Why did Uganda choose Tanzania’s Dar Port for its oil imports over Kenya?

Why did Uganda choose Tanzania’s Dar Port for its oil imports over Kenya?

In a recent development, Uganda has made a significant decision to opt for Tanzania’s Dar es Salaam port as its primary hub for oil imports, a move that has generated considerable attention and discussion. This decision comes on the heels of a diplomatic disagreement between Uganda and Kenya, resulting in a fallout that prompted Uganda to seek alternative options.

The Ugandan government, in partnership with Vitol Bahrain E.C., a prominent Bahrain-based company, has chosen the Dar es Salaam port to import oil. This choice is part of a broader effort to foster stronger economic relations between Tanzania and Uganda. Notably, Vitol Bahrain E.C. secured a permit from the Uganda National Oil Company (UNOC) to supply oil in Uganda, marking a crucial step in the decision-making process.

Uganda currently relies on Kenya for 90 percent of its fuel imports, but recent developments have led to dissatisfaction with this arrangement. Uganda argues that Kenya abandoned a transparent and price-competitive open tendering system for a Gulf deal without prior consultation, which strained their relationship. This dissatisfaction came to the fore when Uganda was kept in the dark about the government-to-government fuel deal between Kenya and two Gulf nations.

During meetings held recently, representatives from Uganda’s Ministry of Energy, the Uganda National Oil Company (UNOC), and Kenyan oil marketers expressed concerns about the vulnerability of Uganda’s fuel supplies and the impact on citizens who faced rising pump prices due to the Gulf deal initiated by Kenya.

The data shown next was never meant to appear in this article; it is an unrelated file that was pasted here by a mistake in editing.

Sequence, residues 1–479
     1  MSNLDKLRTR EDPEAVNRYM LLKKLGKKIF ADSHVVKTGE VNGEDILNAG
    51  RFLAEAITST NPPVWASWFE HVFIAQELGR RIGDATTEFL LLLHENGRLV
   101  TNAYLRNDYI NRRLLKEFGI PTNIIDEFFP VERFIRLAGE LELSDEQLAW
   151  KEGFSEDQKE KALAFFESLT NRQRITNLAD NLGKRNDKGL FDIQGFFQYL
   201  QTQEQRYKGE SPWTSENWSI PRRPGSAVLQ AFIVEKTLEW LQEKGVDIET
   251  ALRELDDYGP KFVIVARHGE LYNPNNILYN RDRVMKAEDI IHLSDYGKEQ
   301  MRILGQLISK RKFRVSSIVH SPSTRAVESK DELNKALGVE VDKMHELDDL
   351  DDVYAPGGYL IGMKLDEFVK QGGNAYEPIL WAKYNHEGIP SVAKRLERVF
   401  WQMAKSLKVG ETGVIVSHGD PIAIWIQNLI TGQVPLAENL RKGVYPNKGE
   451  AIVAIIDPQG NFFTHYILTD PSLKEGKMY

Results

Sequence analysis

Uganda’s Energy and Mineral Development Minister, Dr. Ruth Nankabirwa Ssentamu, disclosed that UNOC and Vitol Bahrain E.C. have entered into a five-year contract. Vitol Bahrain E.C. will be the primary financier of this partnership, providing a working capital facility supported by its global balance sheet. The company will also work closely with UNOC to ensure competitive pricing of petroleum products. Furthermore, Vitol Bahrain E.C. has committed to financing the expansion of storage capacity in partnership with UNOC, adding 320 million liters of storage at Namwambula, Mpigi.

Dr. Nankabirwa praised Vitol Bahrain E.C. as a strong partner with a significant turnover, highlighting its status as an independent global trader with a robust regional presence. She emphasized the company’s commitment to strengthening UNOC’s capabilities.

Earlier in the year, the Ugandan government decided to have UNOC play a more substantial role in enhancing the country’s stock-holding levels of petroleum products, contributing to the stabilization of consumer and retail fuel prices. This initiative is part of the implementation of the revised 2003 Petroleum Supply Law in 2023.

Dr. Nankabirwa, leading a special delegation from President Yoweri Kaguta Museveni to Tanzania on November 5, 2023, expressed gratitude to President Samia Hassan Suluhu’s leadership and pledged cooperation between the two nations in the energy sector.

Uganda’s choice of the Dar es Salaam port was influenced by the port’s efficiency and its well-established system for importing petroleum and gas energy. The government believes that this decision will ensure the availability of oil not only in Uganda but also throughout the East African region.

Additionally, Uganda’s strategic decision offers the country an opportunity to compete with Kenya in the South Sudan, Rwanda, and Congo DR fuel markets, further shaping the regional dynamics of oil trade and supply.